Ms. Marvel, #4: A Comic Book Review

msmarvel3What better time to take a look back at the fourth issue of Ms. Marvel
than today, on the eve of its sixth? As I mentioned in my last review, I missed out on this due to being abroad in a place where English comic books are scarce. Enough about that, though, let’s see what Kamala was up to.

This issue fits as a natural segue between our heroine learning that vigilantism comes with its consequences [getting shot accidentally at the end of #3] and that it takes even more failure, followed by bravery, to truly succeed [#5, natch]. It’s also a lead-in to the kind of traditional superhero antics you expect in books with “Marvel” or “DC” on them.

More importantly, though, this is the issue that really spotlights Bruno and Kamala’s friendship. It’s not just that he reminds her [and reveals to us] that he’s her “second-best friend”, it’s the sudden inversion of their relationship that takes place. 

totallyfreaksmeout

As the first person who Kamala “comes out to” Bruno is burdened with the responsibility of keeping her secret. That’s nothing compared to the actual super powers she now wields, though, and he must face the fact that he’s no longer in the position to protect her from whatever might put her in danger. As he says, “It totally freaks [him] out.”

He’s there to witness her shapeshifting abilities, and to provide her with the information that she needs to save his brother Vick. The next issue follows his role as what is essentially the Alfred to her Batman, and it’s interesting to see him play such an active role, especially given his following words about Kamala
which hint at him being a love interest:

“You’re the coolest girl I’ve ever met. You say what you mean and you kick butt at video games and you’re smart and funny and–“

Given Wilson’s writing thus far I’d say that the chances of him being stuffed into a particular kitchen appliance are fairly slim, but that certainly doesn’t mean that Ms. Marvel will never have to rescue her second-best friend. He’s inextricably tied up in her superheroism, and only time will tell how this will affect both their friendship and his life.

Lastly, imagine that this were a real-time review and you were reading me ranting about yet another issue without a full costume, exacerbated by the sleep-mask/burkini/fanny pack hodgepodge she dons for her first mission.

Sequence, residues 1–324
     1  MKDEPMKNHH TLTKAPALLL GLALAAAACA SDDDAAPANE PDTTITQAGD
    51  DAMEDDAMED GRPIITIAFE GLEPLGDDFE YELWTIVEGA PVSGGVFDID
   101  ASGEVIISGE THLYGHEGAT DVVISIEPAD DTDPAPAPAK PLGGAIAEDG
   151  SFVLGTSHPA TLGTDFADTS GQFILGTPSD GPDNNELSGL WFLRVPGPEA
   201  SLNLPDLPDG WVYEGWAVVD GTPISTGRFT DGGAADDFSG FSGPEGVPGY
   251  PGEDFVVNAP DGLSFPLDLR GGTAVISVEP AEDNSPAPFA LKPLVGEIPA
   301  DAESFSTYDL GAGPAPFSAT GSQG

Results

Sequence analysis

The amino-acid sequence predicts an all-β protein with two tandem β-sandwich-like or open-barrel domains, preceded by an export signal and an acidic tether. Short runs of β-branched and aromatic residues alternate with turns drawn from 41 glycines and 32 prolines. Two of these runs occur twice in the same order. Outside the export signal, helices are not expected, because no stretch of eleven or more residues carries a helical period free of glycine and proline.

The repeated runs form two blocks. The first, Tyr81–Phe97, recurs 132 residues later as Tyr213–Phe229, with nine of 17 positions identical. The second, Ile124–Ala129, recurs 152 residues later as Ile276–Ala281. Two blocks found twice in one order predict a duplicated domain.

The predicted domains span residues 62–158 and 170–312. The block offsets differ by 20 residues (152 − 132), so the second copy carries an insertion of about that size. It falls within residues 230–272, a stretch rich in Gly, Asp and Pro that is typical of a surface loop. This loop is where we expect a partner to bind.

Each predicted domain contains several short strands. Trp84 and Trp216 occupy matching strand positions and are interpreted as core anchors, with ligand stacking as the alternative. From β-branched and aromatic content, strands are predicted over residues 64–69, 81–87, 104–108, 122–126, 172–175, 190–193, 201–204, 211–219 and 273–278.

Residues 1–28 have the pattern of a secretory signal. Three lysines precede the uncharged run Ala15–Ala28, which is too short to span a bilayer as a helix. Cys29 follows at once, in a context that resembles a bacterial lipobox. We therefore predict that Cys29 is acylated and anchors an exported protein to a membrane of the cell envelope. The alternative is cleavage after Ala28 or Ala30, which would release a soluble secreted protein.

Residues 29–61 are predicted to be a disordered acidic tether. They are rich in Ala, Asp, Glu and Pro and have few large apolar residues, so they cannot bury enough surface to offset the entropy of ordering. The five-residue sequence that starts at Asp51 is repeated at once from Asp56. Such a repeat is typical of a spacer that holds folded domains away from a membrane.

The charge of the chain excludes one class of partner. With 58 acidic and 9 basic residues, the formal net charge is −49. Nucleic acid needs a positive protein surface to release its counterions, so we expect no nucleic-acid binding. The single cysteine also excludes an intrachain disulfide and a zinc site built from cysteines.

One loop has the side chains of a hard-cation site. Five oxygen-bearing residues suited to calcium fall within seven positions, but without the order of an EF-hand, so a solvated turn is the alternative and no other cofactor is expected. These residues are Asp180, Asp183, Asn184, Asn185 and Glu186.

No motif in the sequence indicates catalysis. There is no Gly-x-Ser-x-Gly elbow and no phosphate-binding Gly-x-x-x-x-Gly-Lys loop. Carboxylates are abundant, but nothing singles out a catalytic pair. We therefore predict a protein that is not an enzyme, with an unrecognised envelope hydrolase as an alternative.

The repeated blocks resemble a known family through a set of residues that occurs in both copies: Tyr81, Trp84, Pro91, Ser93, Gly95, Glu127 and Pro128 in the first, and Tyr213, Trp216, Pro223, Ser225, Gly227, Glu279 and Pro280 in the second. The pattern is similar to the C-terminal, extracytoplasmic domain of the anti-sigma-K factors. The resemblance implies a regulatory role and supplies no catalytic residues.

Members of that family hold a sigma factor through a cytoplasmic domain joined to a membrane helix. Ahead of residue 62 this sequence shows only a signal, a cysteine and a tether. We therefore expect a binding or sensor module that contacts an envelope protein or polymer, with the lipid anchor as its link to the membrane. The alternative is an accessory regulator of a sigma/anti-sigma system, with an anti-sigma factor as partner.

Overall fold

Tomorrow: Ms. Marvel #6! Art by the incredibly talented [no offense whatsoever to Adrian Alphona] Jake Wyatt!

The Ms. Marvel Visual Gag You Shouldn’t Have Missed: Pickings are pretty slim this issue, even given the Circle Q as a setting. That doesn’t mean there weren’t any gems to glean, however. While the “Coma Chameleon” brand sleep-mask was just wonderful, what really caught my eye was the “Grin & Bear It” toothpaste. How Alphona avoided a job in marketing, I’ll never know.

GRINANDBEARITMs. Marvel #4
Written by G. Willow Wilson
Art by Adrian Alphona
Colours by Ian Herring
Letters by Joe Caramagna
Edited by Sana Amanat
Marvel Comics

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5 responses to “Ms. Marvel, #4: A Comic Book Review

  1. Pingback: Ms. Marvel, #5: A Comic Book Review | Culture War Reporters

  2. Solid review, but would have enjoyed more discussion of themes as opposed to plot beats. Keep up the good work!

    • I certainly tried to concentrate on Bruno and Kamala’s friendship and how that relationship would serve to be important in the series as a whole, but understand if it may not have been communicated as well as it could’ve. That’s what happens when you review out of order and ruin your groove, I guess.

      Thanks for the feedback and the kind words!

  3. Pingback: Ms. Marvel, #8: A Comic Book Review | Culture War Reporters

  4. Pingback: Ms. Marvel, #11: A Comic Book Review | Culture War Reporters

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